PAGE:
Monday, August 27, 2012

On the Obsession with Mass Movements

Occupy Wall St General Assembly2 at Washington Square

One of the most peculiar things about the current struggle and unpleasantness is the constant calling for some kind of mass movement to correct matters, something like the Civil Rights Movement or the Farmworkers' Movement or something like that.

What's peculiar about these calls is that these movements were never mass movements in the sense that they involved the majority of the population at any given time, or -- in the case of the Farmworker' Movement, any significant fraction of them at any time. In the South, the Civil Rights Movement was never a popular movement, and it could barely poll a majority in the North until after most of the Civil Rights legislation was in place. They're called "mass movements" because large numbers turned out for some of their events, and ultimately they achieved a certain level of victory. It's a designation in hindsight.

Because these and other movements were at least partially victorious, the movements themselves had to be "mass movements." But in fact, they weren't.

By comparison, the Occupy Movement (Becoming Revolution) was, for a time, a mass movement in that it involved hundreds -- indeed, ultimately thousands -- of "branches" that attracted huge crowds routinely over the course of many days and weeks, and it can still put together something of a grand parade from time to time. The spirit of the Occupy Movement is not gone by any means, though the overt practice has muted considerably.

As a rule, I'm very leery of "mass movements" in any case: they are the ideal breeding ground for riot, demagoguery, and mob action among other things. Mass marches are difficult to put together and exhausting to implement. I could go on. Mostly a true mass movement is a sales operation, marketing, and that is not an ideal setting for accomplishing serious social, political, and economic change that benefits the People as a whole. Bottom line, mass movements may have their place, but not as Teh Revolution.

The point is that to be successful, a movement needs to be compact, mobile, determined, assertive, persistent and clear in its objectives and goals. A Revolution shares some of those qualities, but as a rule, a movement seeks participation in the established systems of society and governance by those who were previously excluded while a Revolution seeks to overthrow and replace the same.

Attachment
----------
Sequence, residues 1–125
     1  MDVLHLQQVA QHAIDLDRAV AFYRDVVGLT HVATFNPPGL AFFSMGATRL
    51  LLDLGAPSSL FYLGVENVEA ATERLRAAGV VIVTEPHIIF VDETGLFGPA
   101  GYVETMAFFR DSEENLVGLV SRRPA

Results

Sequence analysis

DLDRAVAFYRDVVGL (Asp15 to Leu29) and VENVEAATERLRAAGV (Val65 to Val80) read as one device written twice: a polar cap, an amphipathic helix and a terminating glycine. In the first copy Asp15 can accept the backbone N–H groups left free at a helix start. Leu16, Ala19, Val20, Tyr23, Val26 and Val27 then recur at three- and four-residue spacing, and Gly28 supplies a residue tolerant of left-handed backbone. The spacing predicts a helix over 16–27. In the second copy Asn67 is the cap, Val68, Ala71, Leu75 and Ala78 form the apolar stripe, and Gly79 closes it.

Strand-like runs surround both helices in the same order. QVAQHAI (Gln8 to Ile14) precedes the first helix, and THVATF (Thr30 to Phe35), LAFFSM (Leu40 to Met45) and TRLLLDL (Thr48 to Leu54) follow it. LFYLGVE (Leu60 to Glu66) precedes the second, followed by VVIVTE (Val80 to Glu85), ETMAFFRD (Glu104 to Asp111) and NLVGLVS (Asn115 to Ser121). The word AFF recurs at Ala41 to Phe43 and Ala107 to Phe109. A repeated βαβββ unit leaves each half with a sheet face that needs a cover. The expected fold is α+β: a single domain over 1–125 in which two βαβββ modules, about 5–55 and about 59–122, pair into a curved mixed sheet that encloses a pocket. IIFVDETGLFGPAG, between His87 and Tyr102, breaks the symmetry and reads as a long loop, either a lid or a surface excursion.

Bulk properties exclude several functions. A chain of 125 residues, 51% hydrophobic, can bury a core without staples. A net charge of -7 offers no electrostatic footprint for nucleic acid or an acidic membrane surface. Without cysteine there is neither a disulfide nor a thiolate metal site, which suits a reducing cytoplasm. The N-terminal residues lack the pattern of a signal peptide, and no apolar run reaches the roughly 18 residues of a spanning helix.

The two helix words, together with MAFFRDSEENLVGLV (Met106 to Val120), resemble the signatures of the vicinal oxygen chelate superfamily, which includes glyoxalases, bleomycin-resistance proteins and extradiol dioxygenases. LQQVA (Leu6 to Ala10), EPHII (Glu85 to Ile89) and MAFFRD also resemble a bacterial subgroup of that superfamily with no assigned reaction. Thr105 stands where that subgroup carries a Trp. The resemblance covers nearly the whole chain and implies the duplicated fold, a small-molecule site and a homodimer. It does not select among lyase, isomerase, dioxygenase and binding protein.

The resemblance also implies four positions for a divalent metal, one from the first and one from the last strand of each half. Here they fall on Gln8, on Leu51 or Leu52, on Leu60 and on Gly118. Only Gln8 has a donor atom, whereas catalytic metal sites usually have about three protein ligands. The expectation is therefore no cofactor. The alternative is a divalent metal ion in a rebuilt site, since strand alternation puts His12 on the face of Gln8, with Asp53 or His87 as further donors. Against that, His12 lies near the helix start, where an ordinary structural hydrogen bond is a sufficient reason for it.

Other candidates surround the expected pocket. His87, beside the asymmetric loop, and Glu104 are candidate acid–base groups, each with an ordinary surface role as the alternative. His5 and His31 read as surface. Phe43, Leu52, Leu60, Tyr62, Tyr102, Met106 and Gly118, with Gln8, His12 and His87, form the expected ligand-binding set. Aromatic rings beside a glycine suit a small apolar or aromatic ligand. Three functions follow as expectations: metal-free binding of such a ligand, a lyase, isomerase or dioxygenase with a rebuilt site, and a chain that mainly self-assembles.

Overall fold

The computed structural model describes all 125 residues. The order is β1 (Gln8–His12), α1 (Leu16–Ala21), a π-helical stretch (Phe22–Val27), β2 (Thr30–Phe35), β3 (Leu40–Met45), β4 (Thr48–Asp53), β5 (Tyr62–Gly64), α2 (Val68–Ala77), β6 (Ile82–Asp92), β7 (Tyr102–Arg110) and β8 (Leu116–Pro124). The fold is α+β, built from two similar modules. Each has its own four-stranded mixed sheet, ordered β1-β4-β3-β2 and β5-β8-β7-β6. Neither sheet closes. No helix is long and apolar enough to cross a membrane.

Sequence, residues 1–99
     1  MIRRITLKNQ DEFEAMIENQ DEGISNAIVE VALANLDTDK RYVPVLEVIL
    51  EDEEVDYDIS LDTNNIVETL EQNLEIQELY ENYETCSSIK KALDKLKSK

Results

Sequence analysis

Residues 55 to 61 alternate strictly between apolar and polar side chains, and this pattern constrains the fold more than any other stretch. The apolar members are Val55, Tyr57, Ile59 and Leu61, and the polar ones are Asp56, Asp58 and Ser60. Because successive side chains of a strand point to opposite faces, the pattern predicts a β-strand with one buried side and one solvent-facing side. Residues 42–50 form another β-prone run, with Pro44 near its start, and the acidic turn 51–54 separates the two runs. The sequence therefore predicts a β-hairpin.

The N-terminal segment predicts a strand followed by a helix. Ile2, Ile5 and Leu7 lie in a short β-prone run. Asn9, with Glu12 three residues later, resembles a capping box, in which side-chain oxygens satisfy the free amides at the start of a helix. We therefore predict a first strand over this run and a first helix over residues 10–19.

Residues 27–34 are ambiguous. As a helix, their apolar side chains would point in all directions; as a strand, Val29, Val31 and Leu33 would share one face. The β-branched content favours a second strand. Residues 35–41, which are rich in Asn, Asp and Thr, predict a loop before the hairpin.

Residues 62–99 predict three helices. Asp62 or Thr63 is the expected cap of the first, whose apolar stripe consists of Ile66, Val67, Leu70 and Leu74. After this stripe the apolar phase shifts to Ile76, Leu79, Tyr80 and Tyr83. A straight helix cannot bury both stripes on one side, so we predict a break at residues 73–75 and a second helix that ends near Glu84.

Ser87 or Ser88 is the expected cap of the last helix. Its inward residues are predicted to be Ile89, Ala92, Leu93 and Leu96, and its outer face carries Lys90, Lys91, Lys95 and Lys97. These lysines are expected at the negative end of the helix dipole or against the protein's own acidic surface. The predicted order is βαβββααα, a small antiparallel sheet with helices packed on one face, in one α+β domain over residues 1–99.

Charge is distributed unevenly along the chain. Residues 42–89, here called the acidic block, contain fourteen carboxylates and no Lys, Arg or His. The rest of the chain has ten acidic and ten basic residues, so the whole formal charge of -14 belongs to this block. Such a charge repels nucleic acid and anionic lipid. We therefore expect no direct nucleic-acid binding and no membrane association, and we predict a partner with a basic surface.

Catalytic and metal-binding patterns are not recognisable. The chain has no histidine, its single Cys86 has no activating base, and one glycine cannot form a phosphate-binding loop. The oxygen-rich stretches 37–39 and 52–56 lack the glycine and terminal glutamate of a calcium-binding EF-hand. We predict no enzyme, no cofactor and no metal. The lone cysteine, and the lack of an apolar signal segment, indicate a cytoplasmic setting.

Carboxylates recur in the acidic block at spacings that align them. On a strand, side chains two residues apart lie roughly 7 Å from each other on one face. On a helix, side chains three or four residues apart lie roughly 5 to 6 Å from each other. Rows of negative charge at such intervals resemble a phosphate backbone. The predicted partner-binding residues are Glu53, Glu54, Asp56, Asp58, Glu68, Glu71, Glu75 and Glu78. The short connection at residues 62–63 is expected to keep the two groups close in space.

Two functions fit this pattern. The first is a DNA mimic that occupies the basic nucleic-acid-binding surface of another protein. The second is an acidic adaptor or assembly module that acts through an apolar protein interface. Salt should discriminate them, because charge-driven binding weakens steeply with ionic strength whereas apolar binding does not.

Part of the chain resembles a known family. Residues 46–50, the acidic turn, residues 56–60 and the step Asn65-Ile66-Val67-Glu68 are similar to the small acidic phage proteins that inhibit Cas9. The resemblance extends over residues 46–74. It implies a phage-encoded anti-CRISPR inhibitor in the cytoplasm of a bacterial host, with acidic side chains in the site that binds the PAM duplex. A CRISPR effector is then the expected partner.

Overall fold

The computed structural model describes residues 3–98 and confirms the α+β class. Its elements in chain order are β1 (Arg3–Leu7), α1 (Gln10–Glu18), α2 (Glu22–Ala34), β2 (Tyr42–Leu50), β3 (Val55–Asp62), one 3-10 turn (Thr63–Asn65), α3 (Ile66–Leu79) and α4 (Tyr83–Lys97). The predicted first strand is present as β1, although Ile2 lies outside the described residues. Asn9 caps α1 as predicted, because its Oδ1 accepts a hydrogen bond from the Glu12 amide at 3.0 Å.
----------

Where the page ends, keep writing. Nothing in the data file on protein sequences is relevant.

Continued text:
A movement may -- or may not -- attract widespread popular support and approval; initially it almost certainly won't. A Revolution, on the other hand, may never have popular support during the course of the struggle. This is primarily because most people, most of the time, will resist making any kind of drastic changes in their lives, changes which are pretty much the point of a Revolution. A movement only seeks change in an aspect of people's lives, sometimes a very fraughtful aspect, to be sure (gay marriage, anyone?), but still it's not about the complete overthrow of established systems of society and governance. It is about participation in those systems.

I've been pretty clear that I see the Occupy Movement as a Revolution Aborning, one that the established systems of society and governance see as an existential threat that must be crushed. This is as true in the United States as it is anywhere else that the Occupy Movement has gained a foothold, and the efforts to stamp it out have become quite energized and frequently violent. The official violence unleashed against Occupy has had the effect of subduing the actions of the Movement and significantly curtailed its development as a Movement, let alone a Revolution. From appearances, the Movement is... almost gone. The operative word being "almost."

On the other hand, it triggered a diverse and diffuse systematic development of alternatives to the status quo, and it inspired innumerable protest actions against various aspects of the current state of affairs leading to the media's acceptance of the fact that "Occupy changed the conversation." I would dispute that myself, because the "conversation" they're talking about is the media's own conversation, which is, by definition, what it chooses to talk about, and the media has almost completely forgotten about Occupy and the issues it brought to the forefront.

Occupy has had its profoundest difficulties in developing and implementing a self-sustaining operating model that is flexible enough to survive repeated hammer-blows from internal factions and external forces.